Healthcare is one of the oldest and most vital industry to be a part of the human lives. The technological industry has infiltrated our lives at every possible turn. Needless to say, a combination of these two industries has facilitated progress at a staggering rate and saved millions of lives which might not have been possible without it.
Due to the new developments in this sector, doctors and physicians are now able to detect and diagnose even the most complex diseases at more cellular level. Even the patients are becoming less dependent on their doctors and more capable due to the technological developments.
Artificial Pancreas for Diabetics, Intelligent Pills Delivering Medication to Specific Locations, Invisalign, Nanobots in Blood are few but most recent and powerful innovations that are making the Medical treatment much easier and faster.
Jeffrey Bauer, Ph.D., an independent Health Futurist and Medical Economist, says, “We have the opportunity to create phenomenally better healthcare systems in terms of delivery, outcomes, and reducing costs.”
According to the American Telemedicine Association, more than half of the hospitals in the United States use some form of telemedicine. Close to 1 million Americans use remote cardiac monitors and millions of patients worldwide use telemedicine to monitor their vital signs and reduce the need for hospital visits.
Mobile health or mHealth is freeing healthcare devices of wires and cords and enabling physicians and patients alike to check on healthcare processes on-the-go. An R&R Market Research report estimates the global mHealth market will reach USD 20.7 billion by 2019, indicating it is only becoming bigger and more prevalent.
The New Vision for Agriculture, defined by World Economic Forum partners in 2009, holds that to meet the world’s needs sustainably, agriculture must simultaneously deliver food security, environmental sustainability and economic opportunity. AgTech is a way to reach that goal. Technology may be able to deliver solutions where conventional breeding approaches have failed; it could greatly assist the development of crop varieties able to thrive in the difficult environments where many of the world’s poor live and farm.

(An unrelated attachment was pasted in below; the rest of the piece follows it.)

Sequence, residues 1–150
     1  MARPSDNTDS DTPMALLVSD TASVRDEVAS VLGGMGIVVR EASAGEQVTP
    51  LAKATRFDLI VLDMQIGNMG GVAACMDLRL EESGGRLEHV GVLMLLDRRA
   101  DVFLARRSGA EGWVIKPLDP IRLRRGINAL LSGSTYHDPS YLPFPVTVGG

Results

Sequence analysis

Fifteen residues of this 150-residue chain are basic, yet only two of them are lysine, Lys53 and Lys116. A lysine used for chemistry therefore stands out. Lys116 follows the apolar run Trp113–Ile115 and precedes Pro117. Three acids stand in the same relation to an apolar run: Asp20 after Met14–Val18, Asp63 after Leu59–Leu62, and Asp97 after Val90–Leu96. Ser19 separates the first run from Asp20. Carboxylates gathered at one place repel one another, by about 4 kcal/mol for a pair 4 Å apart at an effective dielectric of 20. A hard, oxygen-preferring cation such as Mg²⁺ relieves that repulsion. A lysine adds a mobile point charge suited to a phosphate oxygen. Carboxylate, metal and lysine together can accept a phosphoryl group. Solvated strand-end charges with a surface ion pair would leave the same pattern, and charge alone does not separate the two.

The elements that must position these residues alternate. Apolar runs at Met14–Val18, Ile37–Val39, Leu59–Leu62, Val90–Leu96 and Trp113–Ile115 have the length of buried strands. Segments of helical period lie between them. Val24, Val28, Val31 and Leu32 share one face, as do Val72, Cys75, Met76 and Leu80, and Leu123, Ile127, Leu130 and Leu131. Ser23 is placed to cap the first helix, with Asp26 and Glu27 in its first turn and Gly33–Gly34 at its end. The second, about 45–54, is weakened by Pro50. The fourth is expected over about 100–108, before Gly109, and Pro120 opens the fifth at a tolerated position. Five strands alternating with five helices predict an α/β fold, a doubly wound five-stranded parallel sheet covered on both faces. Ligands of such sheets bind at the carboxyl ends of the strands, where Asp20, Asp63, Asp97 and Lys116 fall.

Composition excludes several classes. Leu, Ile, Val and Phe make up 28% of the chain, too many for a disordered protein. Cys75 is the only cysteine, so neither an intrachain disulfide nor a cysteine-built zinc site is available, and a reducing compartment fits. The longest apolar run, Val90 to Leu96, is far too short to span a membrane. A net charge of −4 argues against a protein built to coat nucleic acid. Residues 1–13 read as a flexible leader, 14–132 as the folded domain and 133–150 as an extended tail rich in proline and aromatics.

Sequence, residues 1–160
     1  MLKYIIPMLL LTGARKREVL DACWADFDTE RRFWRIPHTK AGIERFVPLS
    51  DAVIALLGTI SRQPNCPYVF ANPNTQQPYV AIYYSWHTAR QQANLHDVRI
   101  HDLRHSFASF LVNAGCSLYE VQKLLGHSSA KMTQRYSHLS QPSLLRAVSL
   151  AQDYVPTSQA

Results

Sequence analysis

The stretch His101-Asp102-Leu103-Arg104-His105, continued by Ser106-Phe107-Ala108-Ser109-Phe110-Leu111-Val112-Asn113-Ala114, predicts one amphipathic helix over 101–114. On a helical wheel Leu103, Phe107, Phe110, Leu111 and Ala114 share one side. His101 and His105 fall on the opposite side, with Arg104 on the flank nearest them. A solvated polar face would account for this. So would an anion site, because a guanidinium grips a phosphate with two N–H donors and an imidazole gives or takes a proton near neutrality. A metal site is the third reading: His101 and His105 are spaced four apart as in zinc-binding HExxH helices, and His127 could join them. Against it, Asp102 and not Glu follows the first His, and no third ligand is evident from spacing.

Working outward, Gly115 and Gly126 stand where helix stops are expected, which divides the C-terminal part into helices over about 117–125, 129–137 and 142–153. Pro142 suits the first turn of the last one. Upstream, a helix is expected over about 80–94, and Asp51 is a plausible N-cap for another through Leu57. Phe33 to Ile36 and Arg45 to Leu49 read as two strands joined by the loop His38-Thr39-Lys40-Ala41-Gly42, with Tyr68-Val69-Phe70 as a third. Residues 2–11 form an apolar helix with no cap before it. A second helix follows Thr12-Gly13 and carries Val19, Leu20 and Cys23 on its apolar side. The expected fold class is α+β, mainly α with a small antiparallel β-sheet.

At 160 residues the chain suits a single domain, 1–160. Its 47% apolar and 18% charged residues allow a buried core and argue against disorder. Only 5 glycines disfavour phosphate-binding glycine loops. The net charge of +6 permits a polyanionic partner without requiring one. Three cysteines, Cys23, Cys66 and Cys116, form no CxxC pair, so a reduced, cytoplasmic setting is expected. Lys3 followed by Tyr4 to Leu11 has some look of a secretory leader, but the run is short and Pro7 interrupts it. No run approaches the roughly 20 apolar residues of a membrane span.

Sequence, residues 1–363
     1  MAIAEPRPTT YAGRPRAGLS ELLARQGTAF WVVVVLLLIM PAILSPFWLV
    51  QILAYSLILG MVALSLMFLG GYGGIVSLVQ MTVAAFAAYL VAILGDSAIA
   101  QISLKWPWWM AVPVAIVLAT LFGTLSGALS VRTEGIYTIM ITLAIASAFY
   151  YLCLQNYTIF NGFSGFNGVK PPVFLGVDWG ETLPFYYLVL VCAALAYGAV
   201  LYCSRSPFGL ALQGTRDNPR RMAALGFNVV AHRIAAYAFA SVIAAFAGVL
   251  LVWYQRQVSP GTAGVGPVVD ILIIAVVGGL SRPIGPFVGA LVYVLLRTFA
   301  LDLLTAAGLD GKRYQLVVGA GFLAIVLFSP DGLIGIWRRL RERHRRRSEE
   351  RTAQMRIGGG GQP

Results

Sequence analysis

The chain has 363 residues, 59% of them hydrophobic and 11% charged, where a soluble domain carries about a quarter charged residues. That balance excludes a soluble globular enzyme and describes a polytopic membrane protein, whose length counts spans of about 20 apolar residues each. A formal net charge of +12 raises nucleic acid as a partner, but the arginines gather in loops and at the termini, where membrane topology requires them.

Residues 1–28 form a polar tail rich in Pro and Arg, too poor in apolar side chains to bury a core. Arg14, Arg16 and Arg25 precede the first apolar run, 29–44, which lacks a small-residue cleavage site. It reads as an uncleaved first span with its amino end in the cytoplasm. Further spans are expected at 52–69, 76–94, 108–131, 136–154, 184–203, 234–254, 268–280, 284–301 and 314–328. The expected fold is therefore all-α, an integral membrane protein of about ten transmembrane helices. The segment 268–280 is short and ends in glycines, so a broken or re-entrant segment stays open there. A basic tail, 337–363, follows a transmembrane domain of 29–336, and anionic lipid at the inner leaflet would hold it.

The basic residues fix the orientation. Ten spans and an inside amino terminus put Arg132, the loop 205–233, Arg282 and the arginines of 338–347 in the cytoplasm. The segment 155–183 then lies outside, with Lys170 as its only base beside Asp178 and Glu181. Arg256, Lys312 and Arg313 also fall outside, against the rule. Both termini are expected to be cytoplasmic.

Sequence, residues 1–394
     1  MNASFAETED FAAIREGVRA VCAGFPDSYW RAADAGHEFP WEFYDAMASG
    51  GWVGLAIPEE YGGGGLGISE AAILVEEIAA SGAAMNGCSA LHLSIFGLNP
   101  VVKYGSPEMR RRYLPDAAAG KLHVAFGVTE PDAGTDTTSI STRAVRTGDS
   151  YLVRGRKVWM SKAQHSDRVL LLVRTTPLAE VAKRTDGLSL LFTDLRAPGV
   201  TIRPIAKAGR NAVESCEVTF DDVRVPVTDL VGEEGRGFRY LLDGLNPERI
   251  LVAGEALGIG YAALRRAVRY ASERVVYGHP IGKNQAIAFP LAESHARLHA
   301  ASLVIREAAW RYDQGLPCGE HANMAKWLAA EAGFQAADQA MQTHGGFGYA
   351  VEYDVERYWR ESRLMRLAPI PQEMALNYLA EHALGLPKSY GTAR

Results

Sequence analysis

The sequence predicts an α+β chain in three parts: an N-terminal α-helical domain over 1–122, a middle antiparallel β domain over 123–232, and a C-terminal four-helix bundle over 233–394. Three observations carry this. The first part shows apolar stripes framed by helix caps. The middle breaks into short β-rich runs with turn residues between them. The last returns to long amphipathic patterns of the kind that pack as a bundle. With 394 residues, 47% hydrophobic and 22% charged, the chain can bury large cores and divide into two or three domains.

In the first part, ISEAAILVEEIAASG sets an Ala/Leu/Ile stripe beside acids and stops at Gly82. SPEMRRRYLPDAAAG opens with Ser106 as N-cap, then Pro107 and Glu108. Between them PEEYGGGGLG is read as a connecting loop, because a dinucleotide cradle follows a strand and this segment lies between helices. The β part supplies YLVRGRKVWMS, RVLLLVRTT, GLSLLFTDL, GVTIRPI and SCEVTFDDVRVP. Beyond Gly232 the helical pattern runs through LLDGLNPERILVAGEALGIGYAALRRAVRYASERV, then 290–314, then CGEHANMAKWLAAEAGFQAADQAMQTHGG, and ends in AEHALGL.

Through the use of technology, each farmer is able to feed 155 people today, compared to 1940, when one farmer could feed only 19 people (Prax, 2010).
With precision agriculture, control centers collect and process data in real time to help farmers make the best decisions with regard to planting, fertilizing and harvesting crops.
Modern biotechnology has the potential to speed up the development and deployment of improved crops and animals. Technology has turned farming into a real business, now farmers have electrified every process, a consumer can place an order directly online, and the product will be transported from the farm to the consumer in time when it’s still fresh. This proves cost efficient to the farmer money and it cuts out mediators who tend to buy low from farmers and sell high to end consumers.
One of the recent technology trends making waves on the globe right now is the significant use of solar energy systems to generate clean, non-polluting electricity and to also curb other issues that directly affect the environment. Solar technology will play a decisive role in reaching that goal.
The conventional crystalline silicon solar cells present in the majority of solar panels in the world and organic thin-film solar cells are possible only due to solar technology.